Friday, April 1, 2011


Portland, Maine is one of those cities that looks like it fell out of snow globe – kind of spherical, yes, but it’s graced with beautiful water views, a killer culinary scene, and of course, great art. On a recent trip to visit a handful of excellent Mainer artists, the Biennial team stopped in at two very tucked away but smart exhibitions. One was in the silent study room at the University of Southern Maine’s Glickman Family Library (a challenge for a chatty viewer like myself). The Storytellers, curated by Henry Wolyniec, features 8 Maine artists who address the form and content of narrative objects. Highlights included Greta Bank’s (2010 deCordova Biennial Artist) Cashmere Roadkill, a remarkable fusion of Grecian urn painting via meticulous hand-stitched leather-work which comes together in a semi-human figure that signals both the grotesque and beautiful side of humanity. “The piece is the perfect metaphor, the abused flesh fashioned into a statement about abuse” notes Wolyniec. Other notables included Adriane Herman’s Plunder the Influence project that sets out to document people’s bookshelves. The “stacks” site is a must-visit procrastination tool for anyone with a slight hint of intellectual voyeurism in them.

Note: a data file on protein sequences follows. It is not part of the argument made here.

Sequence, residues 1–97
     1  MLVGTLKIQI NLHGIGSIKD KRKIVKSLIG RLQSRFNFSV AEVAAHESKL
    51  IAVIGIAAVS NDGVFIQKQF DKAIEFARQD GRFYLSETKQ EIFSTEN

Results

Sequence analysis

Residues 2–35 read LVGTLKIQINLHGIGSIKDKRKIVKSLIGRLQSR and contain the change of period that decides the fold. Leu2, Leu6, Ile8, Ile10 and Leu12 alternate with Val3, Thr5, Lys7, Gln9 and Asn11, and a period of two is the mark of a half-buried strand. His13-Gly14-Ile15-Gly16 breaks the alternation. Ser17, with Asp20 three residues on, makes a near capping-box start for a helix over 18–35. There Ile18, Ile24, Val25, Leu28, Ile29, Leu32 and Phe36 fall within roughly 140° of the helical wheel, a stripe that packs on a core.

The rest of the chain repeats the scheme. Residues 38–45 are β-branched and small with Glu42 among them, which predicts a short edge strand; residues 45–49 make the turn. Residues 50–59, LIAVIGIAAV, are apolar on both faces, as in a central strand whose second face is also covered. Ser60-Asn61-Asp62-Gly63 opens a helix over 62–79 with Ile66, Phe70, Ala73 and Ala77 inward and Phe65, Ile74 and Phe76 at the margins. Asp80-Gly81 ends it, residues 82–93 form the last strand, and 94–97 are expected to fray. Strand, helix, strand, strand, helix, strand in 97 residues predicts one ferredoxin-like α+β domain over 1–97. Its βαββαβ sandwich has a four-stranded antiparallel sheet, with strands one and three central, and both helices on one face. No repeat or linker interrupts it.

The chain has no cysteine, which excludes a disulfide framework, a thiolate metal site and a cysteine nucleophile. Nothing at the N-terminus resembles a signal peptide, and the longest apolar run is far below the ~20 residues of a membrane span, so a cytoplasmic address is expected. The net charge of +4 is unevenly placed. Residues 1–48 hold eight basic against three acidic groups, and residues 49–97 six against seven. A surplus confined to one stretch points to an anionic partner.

Cashmere Roadkill, detail, by Greta Bank.

The next stop was Portland’s gem – Space – a well-rounded arts space that manages to balance films, music, theater, and fantastic visual art shows making it perhaps one of the strongest alternative art spaces in not only Maine but New England. While we caught the last days of Cannonball Press’s impressive display of fun, cheap prints-for-all, stop in later this month to see The Sketchbook Project, a mobile library of over 10,000 artists’ sketchbooks. Imagine that…

- Dina Deitsch